Internships/work experience after Freshman year

Our DD is a freshman biology major/environmental studies minor and wants to go to vet school. We realize it’s a requirement to get some real world experience, either through an internship or at least volunteering, if she wants any chance of getting in.

Would it be realistic to expect to find something after freshman year? She has a job available but it’s not related to veterinary medicine, and she does volunteer at the horse barn where she rides, but that isn’t really medicine related. Thanks.

Is there an animal shelter nearby or any pre-vet clubs at the college?


Yes, her college has a pre-vet club, and she’s involved. We live about 2 hours away from where she goes to school, so this would be a summer job, ideally near her home.

Ok, animal shelter might work. Would also suggest shadowing a vet (which of course is not paid)

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I am trying to remember how our daughter started off. I think that she started off working at a barn just cleaning up and leading the horses back into the barn at the end of the day. Then she drove the tractor a bit when it was needed. She also worked at a summer camp that had animals, but she was mostly just “herding children”. At first none of this was “medicine related”.

The university that she attended had a summer program where she got to continue to clean up after animals, but also got to draw blood, administer medicine (some by shots, some by placing the medicine inside the appropriate part of the cow), and she got to pull baby calves out of the mother when the time came (all of this under the supervision of someone who knew what they were doing). I do not recall whether this was after her sophomore year or after her junior year, but I am guessing the latter.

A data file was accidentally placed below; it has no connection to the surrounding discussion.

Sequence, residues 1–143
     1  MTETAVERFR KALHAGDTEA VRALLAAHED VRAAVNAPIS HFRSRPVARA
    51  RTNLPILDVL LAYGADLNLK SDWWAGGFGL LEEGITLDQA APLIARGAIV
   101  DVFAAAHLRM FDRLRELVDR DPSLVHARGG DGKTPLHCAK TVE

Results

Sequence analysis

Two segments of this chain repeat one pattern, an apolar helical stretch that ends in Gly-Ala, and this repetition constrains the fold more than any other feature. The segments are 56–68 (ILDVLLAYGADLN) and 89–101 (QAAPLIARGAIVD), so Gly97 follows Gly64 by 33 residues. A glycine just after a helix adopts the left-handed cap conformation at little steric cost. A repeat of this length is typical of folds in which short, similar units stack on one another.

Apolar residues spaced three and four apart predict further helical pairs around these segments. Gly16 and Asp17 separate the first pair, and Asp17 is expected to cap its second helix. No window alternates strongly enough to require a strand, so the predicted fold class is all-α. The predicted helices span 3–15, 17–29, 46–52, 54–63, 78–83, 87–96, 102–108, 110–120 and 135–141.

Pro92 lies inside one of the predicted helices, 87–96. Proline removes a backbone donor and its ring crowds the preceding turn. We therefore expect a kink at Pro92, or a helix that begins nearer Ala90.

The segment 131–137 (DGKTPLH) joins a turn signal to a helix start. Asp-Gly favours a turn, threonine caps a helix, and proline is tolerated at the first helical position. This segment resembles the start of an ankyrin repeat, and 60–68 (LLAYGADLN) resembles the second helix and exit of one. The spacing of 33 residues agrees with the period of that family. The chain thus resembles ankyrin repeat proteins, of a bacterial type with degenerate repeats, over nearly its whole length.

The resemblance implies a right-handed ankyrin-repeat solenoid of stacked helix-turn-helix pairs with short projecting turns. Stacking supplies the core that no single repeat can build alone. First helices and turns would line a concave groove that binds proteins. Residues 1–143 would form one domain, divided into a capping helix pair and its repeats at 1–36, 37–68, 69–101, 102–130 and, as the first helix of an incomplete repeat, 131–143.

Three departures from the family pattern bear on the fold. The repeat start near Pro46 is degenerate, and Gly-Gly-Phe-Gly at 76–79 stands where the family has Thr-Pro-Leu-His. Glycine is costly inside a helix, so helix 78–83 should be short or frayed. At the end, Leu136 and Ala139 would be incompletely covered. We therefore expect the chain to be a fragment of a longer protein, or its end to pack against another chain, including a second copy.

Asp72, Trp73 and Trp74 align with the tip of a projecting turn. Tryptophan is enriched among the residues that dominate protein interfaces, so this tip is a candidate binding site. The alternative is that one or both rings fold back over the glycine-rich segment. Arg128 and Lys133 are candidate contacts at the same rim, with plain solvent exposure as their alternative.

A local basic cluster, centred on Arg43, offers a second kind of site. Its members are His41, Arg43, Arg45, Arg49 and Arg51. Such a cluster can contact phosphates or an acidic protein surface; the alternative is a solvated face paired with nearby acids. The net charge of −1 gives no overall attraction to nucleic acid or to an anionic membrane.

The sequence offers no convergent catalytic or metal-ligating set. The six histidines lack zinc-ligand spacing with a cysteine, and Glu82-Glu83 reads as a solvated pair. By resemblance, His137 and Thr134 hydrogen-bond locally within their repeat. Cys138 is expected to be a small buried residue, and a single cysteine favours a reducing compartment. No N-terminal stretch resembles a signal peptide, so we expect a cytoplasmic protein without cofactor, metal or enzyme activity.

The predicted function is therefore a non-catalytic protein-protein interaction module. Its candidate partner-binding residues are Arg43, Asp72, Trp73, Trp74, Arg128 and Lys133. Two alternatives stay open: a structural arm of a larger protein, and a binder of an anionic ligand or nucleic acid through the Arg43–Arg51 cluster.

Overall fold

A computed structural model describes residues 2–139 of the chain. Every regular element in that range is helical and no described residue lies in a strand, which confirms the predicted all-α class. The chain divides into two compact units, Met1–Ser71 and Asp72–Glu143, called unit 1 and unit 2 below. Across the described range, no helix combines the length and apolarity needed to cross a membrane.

Quite a bit of her experience came while she was an undergraduate student, but I think that the majority in terms of hours came after she had graduated with her bachelor’s degree. Some of this did involve working for a vet. I think that this started off simple but gradually the vet had her take on more responsibilities.

If your daughter rides, has experience with animals, gets along with people (even slightly annoying people), and has strong references, then she could also think about a summer job on a dude ranch somewhere approximately “out west” (or at least way west of where we live, which includes most of the USA).

Working for a veterinarian is important experience. I would not be surprised if in many cases this starts off as volunteering / shadowing.

The pre-vet club at your daughter’s university should have some ideas.

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My son worked for an equine vet after freshman year as a vet tech. He had worked for him prior to his freshman year also as a vet assistant. He started out by going to several vets and taking resumes, calling vets that we took our animals too and just letting folks know he was looking for vet jobs. The job came about from a friend that knew him and knew the vet. Turned out he was an alumni of the school where our son was going undergrad and hired him. The next vet he worked for was the uncle of one of his fraternity brothers. So the key is to network. Have her put out there she is looking for a position. See if the school has any contacts. He got free housing for one of the jobs for the summer. He was a certified vet assistant when he started but certification is not required in our state.


The animal experience that some of the vet schools require or will give her a leg up for admission are looking for direct animal care under the supervision of a vet. The shelter work and barn work is great experience, shows initiative, responsibility, etc, but it is not direct veterinary care under a licensed vet. My daughter volunteered for 6 years at a primate sanctuary and assisted the exotic animal veterinarian with procedures, she was the team leader for great apes and trained new volunteers. She also volunteered as a vet assistant at a local clinic for almost a year while they trained her and then they hired her as a vet tech. This, and the work that momocarly speaks of is what will be the most critical. Vet schools also want to see leadership in areas other than veterinary science. Community service, research, and enriching other skills and talents that the student has, (music, dance, art). Service to church, community, their college clubs, and local government in leadership roles is important. The vet schools want a well rounded, mature applicant who is comfortable speaking and interacting with adults and have had enough experience to be aware of the challenges and rewards of the profession. Best of luck to your daughter. This forum is a great place to get insight from us parents who have gone through the process with our kids.

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